Schoenberg also suggests having a generator ready. “They’re the new must-haves,” she says.

LaRosa has one that’s big enough to run a refrigerator and plug in a few things. “It isn’t a mega one that would run the whole house, but it’s one we feel comfortable having,” she says. “So that’s probably what I’d recommend – take stock of what you think you would need if you didn’t have electricity for a few days. You might want one for your sump pump, for instance, so your basement stays dry.”

This is also a great time to check in with your insurance adjuster if you haven’t thought about your homeowners insurance for some time.

Before a disaster strikes is the time to sit down with your insurance agent to be certain you are properly insured,” says Greg Raab, operations director for Adjusters International, a public adjusting and disaster recovery company headquartered in Utica, New York. If you live in an area that has hurricanes and floods, he stresses the importance of getting insurance that will protect you.

Raab adds that standard homeowners policies don’t include flood insurance. “Though limited in what it covers, flood insurance is provided through the National Flood Insurance Program and works differently from standard homeowners coverage,” he says.

Secure the house. If a hurricane or tornado is making a beeline for your home, there isn’t much you can do to truly protect it. In that respect, LaRosa says, “A lot of times we show people (on television) boarding up windows if a huge storm is coming, but time and time again, it’s been proven that it’s a waste of time.”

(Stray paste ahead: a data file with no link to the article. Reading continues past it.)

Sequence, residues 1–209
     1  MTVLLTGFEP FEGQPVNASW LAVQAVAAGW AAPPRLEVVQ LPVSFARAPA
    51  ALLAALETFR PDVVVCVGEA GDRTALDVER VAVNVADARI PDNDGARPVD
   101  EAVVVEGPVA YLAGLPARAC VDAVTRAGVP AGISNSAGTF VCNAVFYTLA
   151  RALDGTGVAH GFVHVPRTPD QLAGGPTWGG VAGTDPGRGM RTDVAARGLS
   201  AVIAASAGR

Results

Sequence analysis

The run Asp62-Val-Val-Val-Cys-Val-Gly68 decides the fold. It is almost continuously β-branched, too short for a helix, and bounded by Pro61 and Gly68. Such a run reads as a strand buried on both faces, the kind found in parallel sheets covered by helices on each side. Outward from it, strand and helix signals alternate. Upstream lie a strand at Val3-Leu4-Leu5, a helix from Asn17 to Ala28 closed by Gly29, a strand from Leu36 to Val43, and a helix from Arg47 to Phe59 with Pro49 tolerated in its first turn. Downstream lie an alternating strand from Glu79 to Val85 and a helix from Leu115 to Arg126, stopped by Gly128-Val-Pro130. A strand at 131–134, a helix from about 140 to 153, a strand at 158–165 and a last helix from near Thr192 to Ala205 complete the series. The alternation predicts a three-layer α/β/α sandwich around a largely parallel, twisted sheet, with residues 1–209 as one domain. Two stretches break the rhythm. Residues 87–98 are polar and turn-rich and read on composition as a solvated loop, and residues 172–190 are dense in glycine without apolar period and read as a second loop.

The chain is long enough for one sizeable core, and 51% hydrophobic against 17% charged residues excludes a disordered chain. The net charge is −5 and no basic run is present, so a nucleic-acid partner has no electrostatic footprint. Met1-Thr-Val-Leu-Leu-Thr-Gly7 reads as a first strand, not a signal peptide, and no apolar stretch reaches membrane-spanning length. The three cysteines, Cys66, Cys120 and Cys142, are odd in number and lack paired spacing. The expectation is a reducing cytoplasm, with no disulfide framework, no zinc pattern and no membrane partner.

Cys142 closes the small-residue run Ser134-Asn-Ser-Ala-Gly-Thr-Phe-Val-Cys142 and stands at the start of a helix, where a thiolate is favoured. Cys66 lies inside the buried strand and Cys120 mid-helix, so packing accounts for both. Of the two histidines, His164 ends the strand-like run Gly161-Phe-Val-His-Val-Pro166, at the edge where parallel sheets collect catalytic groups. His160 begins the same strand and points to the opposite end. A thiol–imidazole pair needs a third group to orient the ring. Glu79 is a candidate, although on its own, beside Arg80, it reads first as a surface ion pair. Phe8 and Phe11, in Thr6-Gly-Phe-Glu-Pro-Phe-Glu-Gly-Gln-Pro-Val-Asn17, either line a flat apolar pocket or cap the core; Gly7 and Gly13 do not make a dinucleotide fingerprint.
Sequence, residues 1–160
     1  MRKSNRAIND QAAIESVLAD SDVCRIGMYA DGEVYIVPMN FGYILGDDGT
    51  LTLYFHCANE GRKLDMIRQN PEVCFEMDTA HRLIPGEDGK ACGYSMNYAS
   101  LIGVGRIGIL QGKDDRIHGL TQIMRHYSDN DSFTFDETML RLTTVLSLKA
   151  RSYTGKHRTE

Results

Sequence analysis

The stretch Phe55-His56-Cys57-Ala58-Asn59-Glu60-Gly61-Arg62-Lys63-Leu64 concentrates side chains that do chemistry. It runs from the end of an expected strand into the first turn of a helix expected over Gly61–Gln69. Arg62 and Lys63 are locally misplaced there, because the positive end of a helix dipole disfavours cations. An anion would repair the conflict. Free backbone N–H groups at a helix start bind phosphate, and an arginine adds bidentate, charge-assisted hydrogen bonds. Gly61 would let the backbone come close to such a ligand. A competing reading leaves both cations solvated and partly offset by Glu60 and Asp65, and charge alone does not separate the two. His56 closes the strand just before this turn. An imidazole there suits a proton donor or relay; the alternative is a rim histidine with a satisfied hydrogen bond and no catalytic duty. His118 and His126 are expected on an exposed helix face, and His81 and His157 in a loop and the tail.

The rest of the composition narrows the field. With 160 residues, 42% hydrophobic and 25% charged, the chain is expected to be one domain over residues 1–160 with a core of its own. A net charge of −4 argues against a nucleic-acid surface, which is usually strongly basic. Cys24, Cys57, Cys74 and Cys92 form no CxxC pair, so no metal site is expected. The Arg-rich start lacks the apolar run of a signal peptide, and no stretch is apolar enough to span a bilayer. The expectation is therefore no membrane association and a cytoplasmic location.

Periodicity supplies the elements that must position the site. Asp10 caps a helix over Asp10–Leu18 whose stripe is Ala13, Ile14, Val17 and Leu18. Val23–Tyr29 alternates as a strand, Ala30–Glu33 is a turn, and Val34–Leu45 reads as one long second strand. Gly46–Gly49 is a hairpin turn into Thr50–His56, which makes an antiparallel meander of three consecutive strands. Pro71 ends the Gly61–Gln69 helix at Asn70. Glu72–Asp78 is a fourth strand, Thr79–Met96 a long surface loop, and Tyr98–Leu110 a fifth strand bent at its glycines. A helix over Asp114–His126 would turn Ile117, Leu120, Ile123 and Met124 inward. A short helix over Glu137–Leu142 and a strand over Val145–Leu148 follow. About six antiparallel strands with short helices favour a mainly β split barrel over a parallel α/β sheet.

If time is short and this looks like a punishing storm, LaRosa says you’re better off gathering family items and important paperwork, preparing your shelter and fine-tuning your evacuation route.

But you do want to secure your home. Eric Van De Steeg, owner of Van De Steeg Roofing & Associates in Oklahoma City, recommends installing window shutters, roof clips and garage door braces. Van De Steeg is referring to functional, non-decorative window shutters. Garage door braces are fastened to the garage door to help keep it from blowing away. Roof clips serve the same function, only they’re installed on a roof.

None of these items are exactly cheap. Multiple shutters can cost hundreds of dollars. Garage door braces typically run $100 to $200. Roof clips often cost less than a buck, but unless you’re something of a handyman, you’ll want to hire a professional to install them.

Wind mitigation inspections can save you money!! Here’s how…